From the Department of Alexander Downer:
Ian Verender, business columnist for The Sydney Morning Herald, has written an interesting column (Be careful of the company you keep, March 31, 2012) on some of the issues confronting politicians when they exchange Parliamentary Cabinet meetings for those in corporate boardrooms. Apparently, the access to the networks of power and influence which retired politicians bring to their role as consultants and directors can sometimes generate difficulties when business scandals arise. A case in point relates to A Death in China and one of my favourite former Tories, The Honourable Alexander Downer:
What hasn’t been broadcast in the past few weeks is Downer’s role with a corporate intelligence firm called Hakluyt, founded by former officers at MI6, Britain’s secret service. Downer, along with other political and business luminaries, is on the Hakluyt International Advisory Board, but claims he has never done any work for the company in China.
It has since transpired that the British businessman Neil Heywood, who was found dead in his hotel room in China in November, was an adviser to Hakluyt although he apparently was not working on any specific project for the company at the time of his death.
The mysterious circumstances surrounding Heywood’s death have sparked a diplomatic rift between Britain and China and played a yet-to-be-defined part in what is shaping to be one of the most serious internal political crises in China in the past 20 years.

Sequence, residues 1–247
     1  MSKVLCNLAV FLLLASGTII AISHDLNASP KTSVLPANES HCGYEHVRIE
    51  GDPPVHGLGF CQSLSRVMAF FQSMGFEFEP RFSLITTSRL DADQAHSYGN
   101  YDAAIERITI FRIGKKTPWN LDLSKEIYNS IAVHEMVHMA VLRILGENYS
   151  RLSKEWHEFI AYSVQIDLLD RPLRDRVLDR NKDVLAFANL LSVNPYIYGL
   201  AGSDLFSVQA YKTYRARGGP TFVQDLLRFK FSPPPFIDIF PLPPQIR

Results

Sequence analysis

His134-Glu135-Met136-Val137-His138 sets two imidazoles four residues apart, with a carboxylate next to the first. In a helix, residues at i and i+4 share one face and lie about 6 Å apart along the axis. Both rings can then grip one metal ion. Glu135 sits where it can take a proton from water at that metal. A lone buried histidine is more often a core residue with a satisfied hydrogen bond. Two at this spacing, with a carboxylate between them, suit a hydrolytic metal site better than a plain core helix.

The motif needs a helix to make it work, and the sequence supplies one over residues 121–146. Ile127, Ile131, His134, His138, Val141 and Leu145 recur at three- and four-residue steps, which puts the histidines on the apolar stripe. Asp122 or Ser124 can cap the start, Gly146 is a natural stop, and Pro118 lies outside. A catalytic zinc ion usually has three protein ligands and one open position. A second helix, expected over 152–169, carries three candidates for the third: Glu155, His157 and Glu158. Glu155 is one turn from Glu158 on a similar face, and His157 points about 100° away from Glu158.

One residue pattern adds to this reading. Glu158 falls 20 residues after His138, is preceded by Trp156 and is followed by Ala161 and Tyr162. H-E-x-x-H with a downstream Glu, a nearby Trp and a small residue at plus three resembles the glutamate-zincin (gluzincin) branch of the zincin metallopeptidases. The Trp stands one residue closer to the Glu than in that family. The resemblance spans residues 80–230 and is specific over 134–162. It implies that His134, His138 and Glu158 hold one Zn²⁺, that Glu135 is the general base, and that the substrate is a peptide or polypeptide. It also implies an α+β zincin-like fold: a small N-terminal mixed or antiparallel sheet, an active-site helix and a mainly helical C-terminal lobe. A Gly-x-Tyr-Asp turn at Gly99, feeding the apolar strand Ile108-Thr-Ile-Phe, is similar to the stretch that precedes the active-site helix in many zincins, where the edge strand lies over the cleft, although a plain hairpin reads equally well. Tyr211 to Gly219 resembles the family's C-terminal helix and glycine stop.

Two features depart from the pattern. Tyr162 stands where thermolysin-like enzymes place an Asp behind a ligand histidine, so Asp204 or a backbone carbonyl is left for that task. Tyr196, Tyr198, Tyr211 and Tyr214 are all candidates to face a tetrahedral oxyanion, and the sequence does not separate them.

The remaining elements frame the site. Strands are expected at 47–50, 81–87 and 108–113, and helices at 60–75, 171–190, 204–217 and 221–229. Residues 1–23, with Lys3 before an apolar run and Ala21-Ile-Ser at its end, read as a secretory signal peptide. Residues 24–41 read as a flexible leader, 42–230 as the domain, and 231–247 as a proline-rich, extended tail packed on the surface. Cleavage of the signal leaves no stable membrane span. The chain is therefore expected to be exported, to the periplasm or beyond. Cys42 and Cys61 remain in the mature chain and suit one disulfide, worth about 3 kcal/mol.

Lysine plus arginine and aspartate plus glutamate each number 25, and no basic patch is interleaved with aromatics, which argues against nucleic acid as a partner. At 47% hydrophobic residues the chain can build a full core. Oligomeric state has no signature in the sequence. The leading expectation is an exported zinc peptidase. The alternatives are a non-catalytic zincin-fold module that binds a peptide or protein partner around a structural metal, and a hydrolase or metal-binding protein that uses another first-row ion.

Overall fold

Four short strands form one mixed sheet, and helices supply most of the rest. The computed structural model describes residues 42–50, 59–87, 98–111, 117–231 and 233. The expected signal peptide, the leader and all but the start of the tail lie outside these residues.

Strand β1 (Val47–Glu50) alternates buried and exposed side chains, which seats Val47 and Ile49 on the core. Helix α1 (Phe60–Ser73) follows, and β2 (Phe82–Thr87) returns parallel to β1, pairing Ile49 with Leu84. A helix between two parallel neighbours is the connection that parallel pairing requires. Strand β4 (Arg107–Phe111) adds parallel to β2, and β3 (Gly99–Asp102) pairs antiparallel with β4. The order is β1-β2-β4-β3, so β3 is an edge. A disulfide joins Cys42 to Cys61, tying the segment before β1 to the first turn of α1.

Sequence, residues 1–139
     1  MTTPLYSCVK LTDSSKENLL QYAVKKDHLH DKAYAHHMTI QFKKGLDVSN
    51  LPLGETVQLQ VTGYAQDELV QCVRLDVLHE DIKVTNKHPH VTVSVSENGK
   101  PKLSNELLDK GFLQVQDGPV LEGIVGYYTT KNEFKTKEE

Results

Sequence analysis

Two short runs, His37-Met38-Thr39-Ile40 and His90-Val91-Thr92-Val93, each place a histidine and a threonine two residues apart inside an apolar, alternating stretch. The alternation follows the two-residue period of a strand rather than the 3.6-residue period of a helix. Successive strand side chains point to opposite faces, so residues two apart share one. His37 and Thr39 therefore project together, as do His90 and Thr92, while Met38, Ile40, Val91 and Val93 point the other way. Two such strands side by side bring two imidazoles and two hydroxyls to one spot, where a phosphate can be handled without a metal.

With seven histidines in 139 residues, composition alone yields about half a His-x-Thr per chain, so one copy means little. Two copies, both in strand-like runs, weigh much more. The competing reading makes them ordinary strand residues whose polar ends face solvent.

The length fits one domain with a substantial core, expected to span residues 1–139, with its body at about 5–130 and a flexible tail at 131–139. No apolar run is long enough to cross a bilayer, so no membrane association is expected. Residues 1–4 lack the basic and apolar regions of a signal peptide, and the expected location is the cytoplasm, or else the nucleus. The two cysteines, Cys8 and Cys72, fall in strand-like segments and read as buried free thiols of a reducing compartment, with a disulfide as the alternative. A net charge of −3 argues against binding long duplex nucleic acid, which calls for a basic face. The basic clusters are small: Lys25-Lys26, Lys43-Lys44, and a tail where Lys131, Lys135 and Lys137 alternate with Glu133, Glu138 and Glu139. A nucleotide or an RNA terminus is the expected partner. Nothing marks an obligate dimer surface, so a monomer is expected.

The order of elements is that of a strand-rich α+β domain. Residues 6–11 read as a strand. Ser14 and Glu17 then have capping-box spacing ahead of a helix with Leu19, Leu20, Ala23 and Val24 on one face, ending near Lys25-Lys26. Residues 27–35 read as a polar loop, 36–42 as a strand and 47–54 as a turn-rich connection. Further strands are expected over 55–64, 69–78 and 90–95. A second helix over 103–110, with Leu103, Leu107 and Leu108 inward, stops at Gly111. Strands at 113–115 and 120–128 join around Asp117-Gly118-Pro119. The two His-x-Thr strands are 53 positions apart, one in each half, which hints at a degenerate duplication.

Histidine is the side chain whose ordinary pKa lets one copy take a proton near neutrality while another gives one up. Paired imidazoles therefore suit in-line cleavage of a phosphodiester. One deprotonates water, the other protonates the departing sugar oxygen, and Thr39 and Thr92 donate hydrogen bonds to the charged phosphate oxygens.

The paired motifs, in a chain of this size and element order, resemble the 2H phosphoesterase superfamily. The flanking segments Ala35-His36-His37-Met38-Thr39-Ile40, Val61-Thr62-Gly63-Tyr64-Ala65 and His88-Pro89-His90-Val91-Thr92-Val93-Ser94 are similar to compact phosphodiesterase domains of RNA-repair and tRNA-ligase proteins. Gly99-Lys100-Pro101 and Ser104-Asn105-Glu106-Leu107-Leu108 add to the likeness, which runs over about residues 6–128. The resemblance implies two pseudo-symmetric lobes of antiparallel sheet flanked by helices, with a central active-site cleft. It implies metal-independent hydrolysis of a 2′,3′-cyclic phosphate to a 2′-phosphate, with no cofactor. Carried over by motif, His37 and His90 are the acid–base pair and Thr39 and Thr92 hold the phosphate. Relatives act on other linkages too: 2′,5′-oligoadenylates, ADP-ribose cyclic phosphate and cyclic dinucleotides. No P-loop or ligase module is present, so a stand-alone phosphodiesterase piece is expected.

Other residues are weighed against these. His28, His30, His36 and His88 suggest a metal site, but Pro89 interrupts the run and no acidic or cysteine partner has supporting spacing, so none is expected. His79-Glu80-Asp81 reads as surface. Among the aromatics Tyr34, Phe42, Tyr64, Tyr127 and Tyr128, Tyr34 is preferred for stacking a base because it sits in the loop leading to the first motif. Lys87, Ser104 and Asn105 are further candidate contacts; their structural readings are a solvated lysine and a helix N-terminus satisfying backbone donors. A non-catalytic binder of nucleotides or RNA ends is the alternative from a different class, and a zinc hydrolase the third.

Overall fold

An internal crisis among ruling elites which is, perhaps, both a response to and a reflection of more serious political problems confronting the Chinese state, including, notably, a seeming increase in the last few years in expressions of popular discontent; expressions which find little, if any, outlet along formal avenues (see below).
As for the former Foreign Minister, his appointment to Hakluyt in May 2008 (five months after his retirement from Parliament) became NEWS! in October 2008. See : The Downer Age : Hakluyt & Co (October 14, 2008) | Hakluyt dons fishnet stockings! (October 13, 2008). Along with not-spying in China, Hakluyt has an undeserved reputation for not-spying on environmental and political activists, where it is not-joined by dozens of other companies in a sector of the economy that is not-growing and not-being awarded government contracts to monitor blogs like mine and not-employing local neo-Nazis like Kenneth Stewart as mercenaries…
As also noted previously (February 3, 2009), Alexander Downer spoke at an ‘Australian League of Rights’ (ALOR) event in 1987, but this fact was only publicly exposed in 1994. Typically, Downer relied upon his reputation as an idiot to escape criticism, claiming that — despite being filmed ‘looking on as SA ALOR director Frank Bawden urges the audience to read the literature “explaining the aims of the League” on their seats’ — he didn’t know who he was addressing, who organised the event and — for all I know — why he was even there (perhaps he tripped and fell?). In any case, no harm was done to the witless Adelaide private schoolboy’s career: twenty years later, he became Foreign Minister; after the Tories lost the 2007 Federal election, he was appointed vewy special envoy to Cyprus, and joined the spooky Hakluyt.
See also : The Explosion Point of Ideology in China (1967) | China in Crisis: Reason to Panic?, prol-position/wildcat, 2009 | Will China Save Global Capitalism?, Sander, Mute, July 27, 2011 | China’s Industrial Unrest, Freedom, February 13, 2012.